Monday, February 04, 2008


A revision of my critique of Hilton Als' opinion of Lola in Come Back, Little Sheba.

I disagree with Hilton Als' assessment of Shirley Booth's Lola in the film version of Come Back Little Sheba. When Doc calls Lola a "slut" and attacks her with a kitchen knife, are we to suppose that if she were more "odious" that this abuse would be more understandable or that we would sympathize more with Doc?

It is hard to sympathize with Doc, not because he is an alcoholic, but because his expectations of women are unobtainable. Als suggests that it is Lola's "demand for approval" that has smothered Doc. But it is Booth's Lola who is smothered. Her only outlets are eavesdropping, talking to the mailman, and a daily radio show called "Taboo," which helps Lola grapple with her lost self. Momentarily, young Marie, their boarder provides a diversion for Lola and a way for her to reconnect with her latent sexuality. All is lost for Lola, however. Her earthiness, her raw sexuality, her curiosity, frighten and repel Doc.

The question at the end of the movie is: can she keep wearing the mask of the housewife? Can she ever keep the house clean enough? Can she "keep busy," as her neighbor admonishes her to do? Perhaps she can, but at what cost? Booth's Lola is even more tragic than Ibsen's Nora in A Doll's House. Without resources or support, she can never leave Doc. Als ends his article by pointing out that Inge's story has much to give us, if we listen. I have listened. Kudos to Booth. Her Lola has all my sympathy and all my love.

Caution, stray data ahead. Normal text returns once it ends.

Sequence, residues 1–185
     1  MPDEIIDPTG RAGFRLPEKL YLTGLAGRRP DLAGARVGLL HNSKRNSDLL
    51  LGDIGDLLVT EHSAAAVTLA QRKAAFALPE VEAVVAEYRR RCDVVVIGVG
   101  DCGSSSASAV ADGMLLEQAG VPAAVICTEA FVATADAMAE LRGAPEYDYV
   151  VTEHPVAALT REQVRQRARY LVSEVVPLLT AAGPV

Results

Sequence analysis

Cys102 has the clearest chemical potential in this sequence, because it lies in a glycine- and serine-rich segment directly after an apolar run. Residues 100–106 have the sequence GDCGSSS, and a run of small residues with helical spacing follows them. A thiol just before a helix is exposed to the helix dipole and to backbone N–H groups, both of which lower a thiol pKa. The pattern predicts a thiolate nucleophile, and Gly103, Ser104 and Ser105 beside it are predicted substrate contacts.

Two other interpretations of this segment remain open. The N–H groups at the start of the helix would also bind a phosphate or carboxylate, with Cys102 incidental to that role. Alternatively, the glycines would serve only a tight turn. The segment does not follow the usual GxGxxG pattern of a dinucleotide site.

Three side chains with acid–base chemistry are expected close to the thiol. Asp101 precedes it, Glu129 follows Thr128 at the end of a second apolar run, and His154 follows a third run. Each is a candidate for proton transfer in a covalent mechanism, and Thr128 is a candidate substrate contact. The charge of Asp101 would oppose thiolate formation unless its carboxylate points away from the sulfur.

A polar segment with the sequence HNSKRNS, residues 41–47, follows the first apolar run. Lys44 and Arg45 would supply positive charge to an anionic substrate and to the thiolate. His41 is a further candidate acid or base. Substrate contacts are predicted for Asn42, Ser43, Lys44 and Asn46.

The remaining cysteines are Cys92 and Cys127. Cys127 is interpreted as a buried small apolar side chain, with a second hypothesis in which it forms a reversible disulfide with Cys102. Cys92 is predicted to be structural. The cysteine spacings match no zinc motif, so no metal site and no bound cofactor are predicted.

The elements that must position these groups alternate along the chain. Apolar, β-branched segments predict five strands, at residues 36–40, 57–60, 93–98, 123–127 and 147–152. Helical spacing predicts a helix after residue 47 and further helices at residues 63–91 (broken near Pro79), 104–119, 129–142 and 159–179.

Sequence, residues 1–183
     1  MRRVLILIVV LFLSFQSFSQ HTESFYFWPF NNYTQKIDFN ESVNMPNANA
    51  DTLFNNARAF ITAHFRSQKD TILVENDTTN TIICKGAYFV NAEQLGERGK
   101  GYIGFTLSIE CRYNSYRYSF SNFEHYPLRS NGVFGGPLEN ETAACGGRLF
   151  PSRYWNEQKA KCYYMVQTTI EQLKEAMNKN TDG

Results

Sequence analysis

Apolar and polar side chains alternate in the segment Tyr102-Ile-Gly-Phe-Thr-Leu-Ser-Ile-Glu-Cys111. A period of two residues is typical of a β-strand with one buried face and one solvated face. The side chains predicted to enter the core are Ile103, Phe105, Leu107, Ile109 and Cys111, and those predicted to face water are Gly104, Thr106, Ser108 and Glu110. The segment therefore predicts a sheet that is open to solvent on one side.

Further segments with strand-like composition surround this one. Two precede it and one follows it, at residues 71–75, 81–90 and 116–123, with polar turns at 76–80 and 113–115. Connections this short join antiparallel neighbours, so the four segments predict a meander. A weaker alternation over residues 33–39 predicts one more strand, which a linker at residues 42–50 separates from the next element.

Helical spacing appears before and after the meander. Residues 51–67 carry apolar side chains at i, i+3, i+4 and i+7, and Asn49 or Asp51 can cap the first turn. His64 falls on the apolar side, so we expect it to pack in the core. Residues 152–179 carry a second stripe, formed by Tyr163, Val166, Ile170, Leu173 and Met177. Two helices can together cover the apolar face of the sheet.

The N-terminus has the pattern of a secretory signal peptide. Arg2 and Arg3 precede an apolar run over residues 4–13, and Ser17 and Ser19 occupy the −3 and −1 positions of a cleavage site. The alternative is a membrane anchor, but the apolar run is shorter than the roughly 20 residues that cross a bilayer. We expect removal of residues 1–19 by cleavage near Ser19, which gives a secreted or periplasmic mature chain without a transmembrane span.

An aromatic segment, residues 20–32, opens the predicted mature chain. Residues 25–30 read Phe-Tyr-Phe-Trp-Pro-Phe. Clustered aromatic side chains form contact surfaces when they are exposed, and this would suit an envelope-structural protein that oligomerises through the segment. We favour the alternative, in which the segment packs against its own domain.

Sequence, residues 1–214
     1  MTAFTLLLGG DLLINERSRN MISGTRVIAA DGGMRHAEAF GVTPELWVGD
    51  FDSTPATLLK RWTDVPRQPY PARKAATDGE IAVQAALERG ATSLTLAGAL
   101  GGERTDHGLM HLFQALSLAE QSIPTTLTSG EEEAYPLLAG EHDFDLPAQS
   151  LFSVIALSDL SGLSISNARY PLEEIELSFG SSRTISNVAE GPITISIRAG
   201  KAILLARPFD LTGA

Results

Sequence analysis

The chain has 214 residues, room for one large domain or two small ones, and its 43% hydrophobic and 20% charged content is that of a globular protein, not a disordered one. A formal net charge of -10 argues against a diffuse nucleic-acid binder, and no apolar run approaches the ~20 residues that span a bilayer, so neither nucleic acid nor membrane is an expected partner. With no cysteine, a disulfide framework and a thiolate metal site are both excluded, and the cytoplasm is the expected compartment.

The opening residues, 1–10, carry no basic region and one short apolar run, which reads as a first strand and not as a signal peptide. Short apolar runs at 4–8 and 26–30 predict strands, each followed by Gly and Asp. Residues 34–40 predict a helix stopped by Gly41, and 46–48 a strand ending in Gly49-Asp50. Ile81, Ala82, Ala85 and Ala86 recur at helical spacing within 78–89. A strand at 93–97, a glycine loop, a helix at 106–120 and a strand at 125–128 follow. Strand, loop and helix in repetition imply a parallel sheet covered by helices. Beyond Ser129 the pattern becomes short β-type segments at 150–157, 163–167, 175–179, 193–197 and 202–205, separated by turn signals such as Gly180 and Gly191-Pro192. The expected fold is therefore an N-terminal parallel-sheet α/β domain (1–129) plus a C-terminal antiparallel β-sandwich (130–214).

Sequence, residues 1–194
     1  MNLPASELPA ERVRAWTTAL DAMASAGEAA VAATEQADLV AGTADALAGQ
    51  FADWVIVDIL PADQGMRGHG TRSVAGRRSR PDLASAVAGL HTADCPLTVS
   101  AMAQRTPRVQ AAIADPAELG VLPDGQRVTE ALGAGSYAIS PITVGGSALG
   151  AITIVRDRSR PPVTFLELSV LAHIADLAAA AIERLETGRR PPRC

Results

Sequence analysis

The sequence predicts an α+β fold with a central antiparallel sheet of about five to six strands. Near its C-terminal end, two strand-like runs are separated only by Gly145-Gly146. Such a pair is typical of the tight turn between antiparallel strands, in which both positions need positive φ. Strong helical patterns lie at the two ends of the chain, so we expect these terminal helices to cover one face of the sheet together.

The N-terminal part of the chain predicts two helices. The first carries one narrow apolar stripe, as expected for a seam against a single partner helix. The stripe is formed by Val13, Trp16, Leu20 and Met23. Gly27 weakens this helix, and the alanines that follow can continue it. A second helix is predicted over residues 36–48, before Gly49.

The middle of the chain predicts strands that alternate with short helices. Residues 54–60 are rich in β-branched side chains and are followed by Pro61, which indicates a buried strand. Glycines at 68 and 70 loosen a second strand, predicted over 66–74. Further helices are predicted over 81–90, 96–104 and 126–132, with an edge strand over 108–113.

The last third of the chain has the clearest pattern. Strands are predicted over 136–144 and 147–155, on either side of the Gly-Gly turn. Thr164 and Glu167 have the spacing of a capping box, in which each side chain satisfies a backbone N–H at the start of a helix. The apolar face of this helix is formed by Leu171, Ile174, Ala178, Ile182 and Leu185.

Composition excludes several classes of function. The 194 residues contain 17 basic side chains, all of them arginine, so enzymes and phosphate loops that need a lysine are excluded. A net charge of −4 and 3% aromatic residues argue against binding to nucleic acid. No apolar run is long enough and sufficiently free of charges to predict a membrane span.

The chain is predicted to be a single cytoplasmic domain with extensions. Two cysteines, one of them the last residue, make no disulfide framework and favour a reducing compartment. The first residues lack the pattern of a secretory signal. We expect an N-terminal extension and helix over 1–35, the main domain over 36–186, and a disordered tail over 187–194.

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Northwest Ohio, United States
"I was no better than dust, yet you cannot replace me. . . Take the soft dust in your hand--does it stir: does it sing? Has it lips and a heart? Does it open its eyes to the sun? Does it run, does it dream, does it burn with a secret, or tremble In terror of death? Or ache with tremendous decisions?. . ." --Conrad Aiken


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Fave Painting: Eden

Fave Painting:  Eden

Fave Painting: The Three Ages of Man and Death

Fave Painting:  The Three Ages of Man and Death
by Albrecht Dürer

From the First Chapter

The Secret of Hurricanes : That article in the Waterville Scout said it was Shake- spearean, all that fatalism that guides the Kennedys' lives. The likelihood of untimely death. Recently, another one died in his prime, John-John in an airplane. Not long before that, Bobby's boy. While playing football at high speeds on snow skis. Those Kennedys take some crazy chances. I prefer my own easy ways. Which isn't to say my life hasn't been Shake-spearean. By the time I was sixteen, my life was like the darkened stage at the end of Hamlet or Macbeth. All littered with corpses and treachery.

My Original Artwork: Triptych

My Original Artwork:  Triptych



Little Deer

Little Deer



Looking Forward, Looking Back

Looking Forward, Looking Back